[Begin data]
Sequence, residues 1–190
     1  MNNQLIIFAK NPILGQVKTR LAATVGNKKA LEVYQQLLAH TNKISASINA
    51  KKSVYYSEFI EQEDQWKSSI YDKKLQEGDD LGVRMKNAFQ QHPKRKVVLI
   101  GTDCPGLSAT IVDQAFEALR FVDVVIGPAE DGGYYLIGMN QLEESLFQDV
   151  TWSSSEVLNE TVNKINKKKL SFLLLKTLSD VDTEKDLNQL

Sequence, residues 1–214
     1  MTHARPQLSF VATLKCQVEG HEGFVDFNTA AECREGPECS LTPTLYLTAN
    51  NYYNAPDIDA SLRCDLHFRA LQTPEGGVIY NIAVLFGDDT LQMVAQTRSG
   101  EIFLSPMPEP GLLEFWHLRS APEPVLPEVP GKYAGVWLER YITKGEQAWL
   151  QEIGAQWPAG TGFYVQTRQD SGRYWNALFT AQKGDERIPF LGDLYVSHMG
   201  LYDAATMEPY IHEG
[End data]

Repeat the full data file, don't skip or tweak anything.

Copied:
Sequence, residues 1–190
     1  MNNQLIIFAK NPILGQVKTR LAATVGNKKA LEVYQQLLAH TNKISASINA
    51  KKSVYYSEFI EQEDQWKSSI YDKKLQEGDD LGVRMKNAFQ QHPKRKVVLI
   101  GTDCPGLSAT IVDQAFEALR FVDVVIGPAE DGGYYLIGMN QLEESLFQDV
   151  TWSSSEVLNE TVNKINKKKL SFLLLKTLSD VDTEKDLNQL

Sequence, residues 1–214
     1  MTHARPQLSF VATLKCQVEG HEGFVDFNTA AECREGPECS LTPTLYLTAN
    51  NYYNAPDIDA SLRCDLHFRA LQTPEGGVIY NIAVLFGDDT LQMVAQTRSG
   101  EIFLSPMPEP GLLEFWHLRS APEPVLPEVP GKYAGVWLER YITKGEQAWL
   151  QEIGAQWPAG TGFYVQTRQD SGRYWNALFT AQKGDERIPF LGDLYVSHMG
   201  LYDAATMEPY IHEG